New book explores life on the WWII chow line


Bullets and Bread: Feeding the Great to the Grunts in World War II

Special to The Star
Published: Thursday, June 20, 2013 at 11:03 AM.

Kent Whitaker has an appetite for great food and the great stories that birthed the recipes.

His latest book, “Bullets and Bread, Feeding the Great to the Grunts in World War II,” is a culinary history of the best and worst that WWII had to offer as told through the soldiers who had to eat it.

“Bullets and Bread” collects memories and anecdotes about the best and worst chow served up from basic training to Europe, Africa and the Pacific, discusses Allied ration development and the modernization of America’s food production and the quality of chow on ships, subs, the trenches, PT Boats and bombers.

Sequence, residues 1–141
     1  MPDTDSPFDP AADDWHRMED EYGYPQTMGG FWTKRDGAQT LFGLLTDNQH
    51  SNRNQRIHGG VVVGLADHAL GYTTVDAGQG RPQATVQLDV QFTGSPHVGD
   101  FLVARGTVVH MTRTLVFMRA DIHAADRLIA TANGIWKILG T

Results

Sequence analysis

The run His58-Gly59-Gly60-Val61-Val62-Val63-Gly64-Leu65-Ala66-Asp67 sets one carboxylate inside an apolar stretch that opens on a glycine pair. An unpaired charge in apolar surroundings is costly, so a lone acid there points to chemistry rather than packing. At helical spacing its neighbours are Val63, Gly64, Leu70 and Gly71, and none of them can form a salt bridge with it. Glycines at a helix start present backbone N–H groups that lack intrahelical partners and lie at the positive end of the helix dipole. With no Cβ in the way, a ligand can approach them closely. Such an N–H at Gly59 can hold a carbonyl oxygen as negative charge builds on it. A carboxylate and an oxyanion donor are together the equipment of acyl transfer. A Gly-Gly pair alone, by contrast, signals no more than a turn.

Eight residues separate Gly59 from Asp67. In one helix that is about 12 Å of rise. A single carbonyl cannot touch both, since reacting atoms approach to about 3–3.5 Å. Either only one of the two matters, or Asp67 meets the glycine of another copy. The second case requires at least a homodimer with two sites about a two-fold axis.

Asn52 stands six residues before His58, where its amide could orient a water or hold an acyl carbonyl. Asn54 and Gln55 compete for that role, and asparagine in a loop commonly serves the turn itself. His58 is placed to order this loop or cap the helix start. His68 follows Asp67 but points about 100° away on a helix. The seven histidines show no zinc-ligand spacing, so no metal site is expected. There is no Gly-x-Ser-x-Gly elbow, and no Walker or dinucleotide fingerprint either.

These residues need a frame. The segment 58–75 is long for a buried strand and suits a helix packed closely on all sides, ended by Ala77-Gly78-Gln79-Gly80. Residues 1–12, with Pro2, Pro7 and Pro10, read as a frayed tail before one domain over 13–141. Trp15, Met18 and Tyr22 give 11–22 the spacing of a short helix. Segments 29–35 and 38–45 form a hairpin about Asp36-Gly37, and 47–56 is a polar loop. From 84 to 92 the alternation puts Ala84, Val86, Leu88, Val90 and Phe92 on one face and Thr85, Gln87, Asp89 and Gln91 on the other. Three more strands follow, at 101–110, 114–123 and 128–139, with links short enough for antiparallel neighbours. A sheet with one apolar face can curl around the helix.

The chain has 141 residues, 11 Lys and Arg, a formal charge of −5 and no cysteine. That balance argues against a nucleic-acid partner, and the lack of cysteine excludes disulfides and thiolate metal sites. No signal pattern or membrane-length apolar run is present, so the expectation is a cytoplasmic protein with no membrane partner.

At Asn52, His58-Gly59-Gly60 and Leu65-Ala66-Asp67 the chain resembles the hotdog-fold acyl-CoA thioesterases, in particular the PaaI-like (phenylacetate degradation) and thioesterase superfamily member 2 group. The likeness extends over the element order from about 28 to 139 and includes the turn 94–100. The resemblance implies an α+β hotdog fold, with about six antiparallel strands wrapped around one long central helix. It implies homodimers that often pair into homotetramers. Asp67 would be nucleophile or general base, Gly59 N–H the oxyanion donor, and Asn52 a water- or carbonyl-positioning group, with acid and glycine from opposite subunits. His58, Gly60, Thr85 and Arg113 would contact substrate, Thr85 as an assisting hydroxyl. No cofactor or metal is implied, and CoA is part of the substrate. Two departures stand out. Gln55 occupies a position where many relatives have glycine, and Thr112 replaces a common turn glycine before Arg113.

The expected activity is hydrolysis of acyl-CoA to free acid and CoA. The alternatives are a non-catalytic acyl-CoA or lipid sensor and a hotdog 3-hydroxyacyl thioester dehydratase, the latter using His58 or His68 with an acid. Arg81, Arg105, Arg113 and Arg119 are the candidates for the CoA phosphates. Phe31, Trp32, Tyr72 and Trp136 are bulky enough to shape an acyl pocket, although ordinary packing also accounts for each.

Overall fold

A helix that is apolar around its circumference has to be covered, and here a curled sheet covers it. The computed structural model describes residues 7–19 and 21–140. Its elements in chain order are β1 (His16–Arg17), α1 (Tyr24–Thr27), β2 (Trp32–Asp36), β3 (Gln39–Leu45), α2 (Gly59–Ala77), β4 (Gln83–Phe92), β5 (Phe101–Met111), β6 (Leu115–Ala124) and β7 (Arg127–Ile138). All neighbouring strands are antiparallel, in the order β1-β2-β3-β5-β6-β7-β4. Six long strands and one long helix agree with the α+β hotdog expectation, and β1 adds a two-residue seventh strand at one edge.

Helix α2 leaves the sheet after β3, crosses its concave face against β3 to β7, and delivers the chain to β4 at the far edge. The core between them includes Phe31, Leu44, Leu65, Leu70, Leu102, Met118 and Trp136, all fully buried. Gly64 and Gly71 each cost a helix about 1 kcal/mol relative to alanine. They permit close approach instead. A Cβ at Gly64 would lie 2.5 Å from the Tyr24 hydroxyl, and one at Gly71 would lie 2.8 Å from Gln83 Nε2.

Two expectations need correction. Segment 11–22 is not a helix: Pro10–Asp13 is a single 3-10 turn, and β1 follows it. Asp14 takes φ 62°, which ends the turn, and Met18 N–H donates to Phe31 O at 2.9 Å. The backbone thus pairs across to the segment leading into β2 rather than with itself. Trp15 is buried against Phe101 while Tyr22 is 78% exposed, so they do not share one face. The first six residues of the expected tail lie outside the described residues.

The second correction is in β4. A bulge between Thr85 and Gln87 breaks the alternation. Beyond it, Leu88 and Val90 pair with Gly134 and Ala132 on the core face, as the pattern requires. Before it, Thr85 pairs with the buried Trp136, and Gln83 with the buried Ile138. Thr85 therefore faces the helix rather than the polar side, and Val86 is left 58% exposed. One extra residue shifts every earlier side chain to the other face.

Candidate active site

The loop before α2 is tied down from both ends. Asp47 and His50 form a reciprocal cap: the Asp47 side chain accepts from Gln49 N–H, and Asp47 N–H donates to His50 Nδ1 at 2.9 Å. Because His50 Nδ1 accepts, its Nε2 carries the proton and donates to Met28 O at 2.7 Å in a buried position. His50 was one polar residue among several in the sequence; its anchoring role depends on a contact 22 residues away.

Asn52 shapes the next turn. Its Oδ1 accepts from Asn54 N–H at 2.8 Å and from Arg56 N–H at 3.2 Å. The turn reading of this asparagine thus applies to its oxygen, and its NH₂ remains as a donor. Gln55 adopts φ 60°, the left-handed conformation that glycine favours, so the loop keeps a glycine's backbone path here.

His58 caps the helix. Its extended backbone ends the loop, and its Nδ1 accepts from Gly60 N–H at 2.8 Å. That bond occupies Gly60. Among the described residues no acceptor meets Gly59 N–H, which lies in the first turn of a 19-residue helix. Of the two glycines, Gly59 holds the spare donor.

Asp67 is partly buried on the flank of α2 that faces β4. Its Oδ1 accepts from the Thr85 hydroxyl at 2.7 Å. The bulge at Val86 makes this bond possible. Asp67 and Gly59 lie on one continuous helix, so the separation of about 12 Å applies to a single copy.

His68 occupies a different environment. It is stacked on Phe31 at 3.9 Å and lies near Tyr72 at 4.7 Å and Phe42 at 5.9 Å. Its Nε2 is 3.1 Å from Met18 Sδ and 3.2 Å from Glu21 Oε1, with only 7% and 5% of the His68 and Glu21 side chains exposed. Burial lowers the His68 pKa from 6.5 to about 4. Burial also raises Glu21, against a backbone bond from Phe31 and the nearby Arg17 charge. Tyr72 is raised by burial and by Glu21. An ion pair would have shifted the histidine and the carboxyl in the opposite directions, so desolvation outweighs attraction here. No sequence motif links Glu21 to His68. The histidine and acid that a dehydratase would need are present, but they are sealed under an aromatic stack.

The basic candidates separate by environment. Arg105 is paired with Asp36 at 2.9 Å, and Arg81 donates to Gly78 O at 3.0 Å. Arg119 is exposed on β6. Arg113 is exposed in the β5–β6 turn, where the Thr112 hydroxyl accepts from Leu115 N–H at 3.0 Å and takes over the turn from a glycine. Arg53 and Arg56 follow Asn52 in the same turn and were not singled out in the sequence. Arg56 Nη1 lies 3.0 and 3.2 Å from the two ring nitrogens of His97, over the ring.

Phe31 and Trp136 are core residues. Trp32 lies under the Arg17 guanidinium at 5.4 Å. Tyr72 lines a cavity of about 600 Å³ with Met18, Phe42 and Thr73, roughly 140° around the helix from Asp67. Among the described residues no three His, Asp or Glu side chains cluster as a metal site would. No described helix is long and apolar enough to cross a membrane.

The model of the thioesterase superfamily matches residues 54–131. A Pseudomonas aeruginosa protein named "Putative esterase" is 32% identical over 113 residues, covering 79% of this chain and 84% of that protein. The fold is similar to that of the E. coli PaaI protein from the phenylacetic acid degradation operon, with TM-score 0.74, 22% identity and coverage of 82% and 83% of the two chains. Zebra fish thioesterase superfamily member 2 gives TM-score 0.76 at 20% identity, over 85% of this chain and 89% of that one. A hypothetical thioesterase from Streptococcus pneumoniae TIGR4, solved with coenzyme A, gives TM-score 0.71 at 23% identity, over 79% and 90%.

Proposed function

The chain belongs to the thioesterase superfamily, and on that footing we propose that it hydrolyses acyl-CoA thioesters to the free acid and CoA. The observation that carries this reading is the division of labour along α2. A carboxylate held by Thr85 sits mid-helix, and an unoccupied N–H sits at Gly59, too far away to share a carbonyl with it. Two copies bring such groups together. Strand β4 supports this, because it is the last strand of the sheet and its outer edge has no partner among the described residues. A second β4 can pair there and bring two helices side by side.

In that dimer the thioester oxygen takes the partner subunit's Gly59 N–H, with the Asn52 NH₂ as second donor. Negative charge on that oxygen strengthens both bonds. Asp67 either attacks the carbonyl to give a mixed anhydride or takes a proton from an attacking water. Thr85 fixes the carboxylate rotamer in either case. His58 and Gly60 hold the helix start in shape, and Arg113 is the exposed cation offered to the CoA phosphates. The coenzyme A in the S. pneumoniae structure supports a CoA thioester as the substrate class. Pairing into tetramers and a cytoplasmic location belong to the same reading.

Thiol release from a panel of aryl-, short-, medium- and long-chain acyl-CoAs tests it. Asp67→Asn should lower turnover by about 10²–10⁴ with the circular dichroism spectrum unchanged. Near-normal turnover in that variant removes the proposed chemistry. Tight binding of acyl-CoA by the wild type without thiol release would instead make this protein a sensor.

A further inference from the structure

Nashville-native Whitaker is the author of a dozen food-related books including, “Smoke in the Mountains: The Art of Appalachian Barbecue” and “Checkered Flag Cooking: Tailgating Stock Car Racing.”

For the past 25 years, he’s lived in Chattanooga, Tennessee with his wife Ally, son Macee and three dogs.

By day, Whitaker works in graphics and advertising, but he has a separate life dedicated to the love of writing, cooking, and writing about cooking, a love that netted him an appearance on the Food Network television channel where he won the Emeril Live Barbecue Contest.

In Whitaker’s separate life, there’s a place that he desires to retire to and write for the remainder of his days: a little place known as Gulf County.

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